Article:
I love my paper manufacturer. They are a small, Sydney business, making paper from office waste, with a deep concern for the environment. From their factory, to my friends, Cut Once Templates, who laser-cut, package, and ship your order, I know every part of my papers' manufacturing. The work put into making them is just as much a benefit to the workers, as it is to you.
Choosing English Paper Pieces
I love my papers, and I love having them turn up pre-cut for me to dive right into basting! But there are situations where you may decide to, or prefer to, make your own. Perhaps customs is a killer, or you want to make a quilt with shapes I don't sell. Whatever your reasons, I'd love to help you enjoy your EPP with the papers you choose. Here's some things to keep in mind.
- Cardboard is NOT king. When I got into EPP, everyone recommended cardboard. But it's torture for your hands! Go with something much softer. Your fabric will still fold over the fabric and keep in shape, but you won't need to fight with the cardboard to bend it as you sew.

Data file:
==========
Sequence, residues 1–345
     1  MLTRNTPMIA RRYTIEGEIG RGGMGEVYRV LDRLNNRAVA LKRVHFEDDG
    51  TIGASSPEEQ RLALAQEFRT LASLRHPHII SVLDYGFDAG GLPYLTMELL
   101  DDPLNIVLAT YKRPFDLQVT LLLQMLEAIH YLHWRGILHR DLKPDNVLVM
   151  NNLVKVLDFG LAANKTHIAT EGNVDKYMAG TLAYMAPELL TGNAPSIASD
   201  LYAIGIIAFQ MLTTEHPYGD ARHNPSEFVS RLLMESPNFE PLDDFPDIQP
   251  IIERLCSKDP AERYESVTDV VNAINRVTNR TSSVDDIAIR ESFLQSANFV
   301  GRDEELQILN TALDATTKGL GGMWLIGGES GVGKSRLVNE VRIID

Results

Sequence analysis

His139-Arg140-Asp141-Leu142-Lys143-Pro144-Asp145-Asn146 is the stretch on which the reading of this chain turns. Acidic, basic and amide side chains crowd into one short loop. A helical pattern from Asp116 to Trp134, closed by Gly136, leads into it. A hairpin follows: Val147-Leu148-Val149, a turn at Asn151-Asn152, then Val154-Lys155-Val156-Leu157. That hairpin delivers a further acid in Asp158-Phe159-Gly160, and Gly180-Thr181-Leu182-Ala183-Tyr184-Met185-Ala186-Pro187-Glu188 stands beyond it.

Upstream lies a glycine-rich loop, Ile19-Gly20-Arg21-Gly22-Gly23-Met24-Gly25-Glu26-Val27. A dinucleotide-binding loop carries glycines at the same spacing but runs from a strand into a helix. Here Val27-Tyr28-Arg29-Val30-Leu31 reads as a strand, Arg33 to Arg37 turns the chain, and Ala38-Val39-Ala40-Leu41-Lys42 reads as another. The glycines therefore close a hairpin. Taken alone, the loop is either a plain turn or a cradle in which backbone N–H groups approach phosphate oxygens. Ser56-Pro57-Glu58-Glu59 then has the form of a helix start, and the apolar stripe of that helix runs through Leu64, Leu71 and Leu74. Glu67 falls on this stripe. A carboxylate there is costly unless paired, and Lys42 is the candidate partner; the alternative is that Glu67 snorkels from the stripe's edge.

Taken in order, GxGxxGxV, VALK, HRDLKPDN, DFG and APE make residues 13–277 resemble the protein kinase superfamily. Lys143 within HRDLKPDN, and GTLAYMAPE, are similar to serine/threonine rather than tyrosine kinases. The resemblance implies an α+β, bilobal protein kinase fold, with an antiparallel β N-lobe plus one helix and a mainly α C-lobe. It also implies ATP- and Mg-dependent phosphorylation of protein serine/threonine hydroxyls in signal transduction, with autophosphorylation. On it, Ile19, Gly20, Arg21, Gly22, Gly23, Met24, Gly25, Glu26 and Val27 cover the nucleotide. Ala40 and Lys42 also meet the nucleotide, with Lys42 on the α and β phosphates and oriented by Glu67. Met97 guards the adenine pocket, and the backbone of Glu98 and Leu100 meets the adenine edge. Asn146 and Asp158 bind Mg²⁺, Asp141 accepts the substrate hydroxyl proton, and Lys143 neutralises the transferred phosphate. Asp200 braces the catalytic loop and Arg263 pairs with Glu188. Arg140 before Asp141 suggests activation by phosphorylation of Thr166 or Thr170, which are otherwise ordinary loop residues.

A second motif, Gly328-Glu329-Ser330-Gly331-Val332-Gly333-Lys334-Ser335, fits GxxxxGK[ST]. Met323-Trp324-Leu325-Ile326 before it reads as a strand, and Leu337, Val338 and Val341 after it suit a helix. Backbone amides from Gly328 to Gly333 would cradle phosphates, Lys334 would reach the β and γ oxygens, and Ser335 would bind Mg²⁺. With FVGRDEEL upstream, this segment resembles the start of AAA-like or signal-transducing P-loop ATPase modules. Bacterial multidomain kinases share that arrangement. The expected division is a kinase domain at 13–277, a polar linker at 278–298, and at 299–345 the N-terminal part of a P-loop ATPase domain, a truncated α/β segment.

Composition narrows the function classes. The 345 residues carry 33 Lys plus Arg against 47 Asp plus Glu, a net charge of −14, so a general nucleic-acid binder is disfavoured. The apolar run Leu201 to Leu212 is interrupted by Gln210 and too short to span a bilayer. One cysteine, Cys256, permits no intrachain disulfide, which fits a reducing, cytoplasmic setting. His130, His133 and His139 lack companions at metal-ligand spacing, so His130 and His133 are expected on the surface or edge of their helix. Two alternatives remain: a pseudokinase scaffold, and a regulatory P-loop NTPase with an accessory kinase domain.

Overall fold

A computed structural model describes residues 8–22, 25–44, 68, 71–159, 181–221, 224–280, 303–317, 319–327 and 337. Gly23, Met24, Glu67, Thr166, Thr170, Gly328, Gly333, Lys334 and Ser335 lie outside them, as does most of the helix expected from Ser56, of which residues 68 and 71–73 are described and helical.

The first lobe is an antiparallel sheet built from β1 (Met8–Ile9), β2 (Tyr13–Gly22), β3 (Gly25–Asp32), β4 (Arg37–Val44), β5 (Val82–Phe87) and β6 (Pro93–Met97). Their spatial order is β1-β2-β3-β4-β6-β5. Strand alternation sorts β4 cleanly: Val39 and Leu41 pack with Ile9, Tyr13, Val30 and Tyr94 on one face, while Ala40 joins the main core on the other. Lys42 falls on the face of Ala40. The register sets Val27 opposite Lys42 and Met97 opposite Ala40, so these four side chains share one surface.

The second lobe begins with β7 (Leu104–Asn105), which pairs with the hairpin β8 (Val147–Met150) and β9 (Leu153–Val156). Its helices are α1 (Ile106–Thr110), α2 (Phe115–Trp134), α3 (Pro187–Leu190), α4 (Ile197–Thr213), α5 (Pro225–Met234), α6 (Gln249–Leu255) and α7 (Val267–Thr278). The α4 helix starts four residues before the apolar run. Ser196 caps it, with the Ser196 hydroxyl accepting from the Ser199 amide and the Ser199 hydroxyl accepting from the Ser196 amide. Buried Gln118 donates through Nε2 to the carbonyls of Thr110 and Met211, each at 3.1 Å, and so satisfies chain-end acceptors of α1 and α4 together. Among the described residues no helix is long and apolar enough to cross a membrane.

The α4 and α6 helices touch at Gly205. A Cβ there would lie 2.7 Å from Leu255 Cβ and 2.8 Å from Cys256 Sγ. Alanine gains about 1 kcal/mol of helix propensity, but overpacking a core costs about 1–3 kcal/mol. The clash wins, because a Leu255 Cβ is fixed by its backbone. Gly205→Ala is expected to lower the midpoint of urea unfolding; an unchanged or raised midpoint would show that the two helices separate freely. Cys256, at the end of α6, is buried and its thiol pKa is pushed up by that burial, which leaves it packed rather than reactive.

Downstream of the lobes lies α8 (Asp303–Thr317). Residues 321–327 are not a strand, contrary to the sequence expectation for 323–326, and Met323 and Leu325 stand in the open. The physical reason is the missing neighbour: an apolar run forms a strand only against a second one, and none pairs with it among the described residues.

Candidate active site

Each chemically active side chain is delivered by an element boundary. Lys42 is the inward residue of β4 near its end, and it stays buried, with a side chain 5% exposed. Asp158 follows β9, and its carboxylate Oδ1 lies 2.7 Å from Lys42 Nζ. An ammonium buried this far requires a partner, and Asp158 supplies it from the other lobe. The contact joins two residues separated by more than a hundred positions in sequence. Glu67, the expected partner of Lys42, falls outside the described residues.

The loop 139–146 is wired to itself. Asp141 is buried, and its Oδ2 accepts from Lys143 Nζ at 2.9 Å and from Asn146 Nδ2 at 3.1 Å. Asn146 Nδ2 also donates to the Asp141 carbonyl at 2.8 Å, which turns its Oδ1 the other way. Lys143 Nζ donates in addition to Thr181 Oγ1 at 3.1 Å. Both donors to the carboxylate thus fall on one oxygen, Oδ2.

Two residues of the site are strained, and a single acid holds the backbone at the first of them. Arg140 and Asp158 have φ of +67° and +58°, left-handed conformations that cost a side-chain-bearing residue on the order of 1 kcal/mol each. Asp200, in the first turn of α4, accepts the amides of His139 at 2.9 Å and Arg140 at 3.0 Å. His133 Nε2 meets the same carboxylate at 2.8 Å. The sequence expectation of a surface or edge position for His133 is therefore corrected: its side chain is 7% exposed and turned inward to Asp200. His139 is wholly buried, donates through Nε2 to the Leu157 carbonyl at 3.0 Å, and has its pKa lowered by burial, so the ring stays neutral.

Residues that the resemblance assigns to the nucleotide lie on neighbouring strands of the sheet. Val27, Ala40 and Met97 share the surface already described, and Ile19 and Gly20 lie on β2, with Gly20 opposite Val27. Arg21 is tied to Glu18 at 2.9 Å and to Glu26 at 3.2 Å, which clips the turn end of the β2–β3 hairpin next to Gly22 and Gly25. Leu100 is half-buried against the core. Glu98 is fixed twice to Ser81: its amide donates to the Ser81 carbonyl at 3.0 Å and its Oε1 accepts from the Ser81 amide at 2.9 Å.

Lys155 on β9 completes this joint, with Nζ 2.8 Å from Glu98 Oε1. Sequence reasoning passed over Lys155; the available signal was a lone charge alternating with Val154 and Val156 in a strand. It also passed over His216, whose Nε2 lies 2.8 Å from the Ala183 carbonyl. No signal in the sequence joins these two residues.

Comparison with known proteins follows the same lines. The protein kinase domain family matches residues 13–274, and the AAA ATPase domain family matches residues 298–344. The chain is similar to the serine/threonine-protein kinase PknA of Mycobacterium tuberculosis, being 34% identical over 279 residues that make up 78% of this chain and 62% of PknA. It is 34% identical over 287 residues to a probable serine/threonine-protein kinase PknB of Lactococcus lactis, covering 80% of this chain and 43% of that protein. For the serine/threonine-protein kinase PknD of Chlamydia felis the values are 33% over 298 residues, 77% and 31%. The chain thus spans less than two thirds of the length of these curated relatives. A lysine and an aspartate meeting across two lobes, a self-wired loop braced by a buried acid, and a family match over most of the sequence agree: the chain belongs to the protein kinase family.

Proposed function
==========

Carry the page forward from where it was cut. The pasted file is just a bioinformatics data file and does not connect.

- The little bit of grit that you get with recycled paper helps the glue stick better so you don't need to use as much.
- If you're using old, unloved books, keep in mind that some pulp fiction isn't printed on acid free paper.
- If you're buying paper by the ream, look for paper that's around 100gsm, used for fancy invitations and certificates.
- Think about how your hobby impacts your world long term. Try to choose paper made from sustainable forestation practices.
"I can't use any other papers now that I've used yours! You've ruined me!" - Michelle, NSW
A lot has changed since the old days of patchwork. We have sewing machines and plastic templates and laser cutters! And with new technology comes new options to set up our craft in a way that suits our preferences and our values. What works best for YOU? My goal here will always be to help you find joy in your making by discovering what suits you. I hope the information here is helpful!
Would you like to try my English paper pieces for yourself?
Try one of the kits below!